The Violence Against Women Act, or “VAWA,” offers relief to spouses, children and parents of U.S. citizens and lawful permanent residents who have suffered abuse.
I-360 VAWA Petition
VAWA allows a person who has been abused by a U.S. citizen or lawful permanent resident spouse, parent, or child to apply for lawful permanent resident status independently. To qualify under this process, a person must show the following:
A good faith marriage to a U.S. citizen or lawful permanent resident spouse;
The marriage must still be valid, or ended within the past two years;
Proof of a shared residence;
Physical or emotional abuse by the spouse; and
Good moral character of the applicant.
Child or Parent:
Proof of parent-child relationship
Physical or emotional abuse
Good moral character of the applicant
I-751 under VAWA
VAWA provides a waiver of the requirement that a conditional permanent resident remain married to remove the conditions on his or her status. A person qualifies for this waiver if he or she can show abuse by the U.S. citizen or lawful permanent resident spouse during the marriage.
A U visa provides legal status to persons who can show that they have been victims of certain crimes in the United States. The list of qualifying crimes includes, but is not limited to the following:
Most violent crimes, such as assault
In addition to showing that they have been victims of certain crimes, a qualified applicant must also show all of the following:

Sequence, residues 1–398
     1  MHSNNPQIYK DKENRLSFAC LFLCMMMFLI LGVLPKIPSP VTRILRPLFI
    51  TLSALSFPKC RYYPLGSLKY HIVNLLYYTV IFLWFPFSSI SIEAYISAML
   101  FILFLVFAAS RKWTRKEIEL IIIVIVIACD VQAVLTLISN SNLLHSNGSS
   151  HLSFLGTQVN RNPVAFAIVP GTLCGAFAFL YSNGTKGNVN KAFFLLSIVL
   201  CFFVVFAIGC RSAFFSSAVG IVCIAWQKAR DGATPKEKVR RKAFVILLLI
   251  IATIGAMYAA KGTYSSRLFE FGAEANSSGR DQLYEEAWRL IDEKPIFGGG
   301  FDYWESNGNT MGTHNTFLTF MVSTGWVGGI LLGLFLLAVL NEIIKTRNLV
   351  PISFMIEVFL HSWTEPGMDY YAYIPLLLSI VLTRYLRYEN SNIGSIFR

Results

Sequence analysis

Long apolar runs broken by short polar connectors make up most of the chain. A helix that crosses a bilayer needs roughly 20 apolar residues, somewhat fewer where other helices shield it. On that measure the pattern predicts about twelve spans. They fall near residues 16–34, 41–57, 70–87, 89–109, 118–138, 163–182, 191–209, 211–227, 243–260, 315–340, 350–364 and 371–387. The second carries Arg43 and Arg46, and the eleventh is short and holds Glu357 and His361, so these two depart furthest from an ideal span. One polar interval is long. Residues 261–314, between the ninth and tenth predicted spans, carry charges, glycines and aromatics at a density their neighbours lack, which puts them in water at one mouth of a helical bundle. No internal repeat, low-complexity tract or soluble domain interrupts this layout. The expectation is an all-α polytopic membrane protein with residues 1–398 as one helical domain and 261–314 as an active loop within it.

He or she has been helpful in the investigation and/or prosecution of that activity
He or she has suffered substantial harm as a result of the crime
He or she is not ineligible for having committed the same crime
A T visa is for victims of human trafficking. Human trafficking means that a person has been brought to the U.S. by fraud or force for involuntary servitude. A qualified applicant must also show that he or she would suffer extreme hardship if forced to return to his or her home country.
VAWA Cancellation of Removal and Adjustment of Status
A person qualifies for VAWA cancellation of removal if he or she meets the following requirements:
Is in removal proceedings;
Has resided continuously in the United States for three years;
Suffered physical or emotional abuse by a U.S. citizen or lawful permanent resident spouse, parent, or child;
Is not barred by certain criminal acts;
Can show extreme hardship to the applicant and/or applicant’s U.S. citizen or lawful permanent resident parent, spouse, or child; and
Is a person of good moral character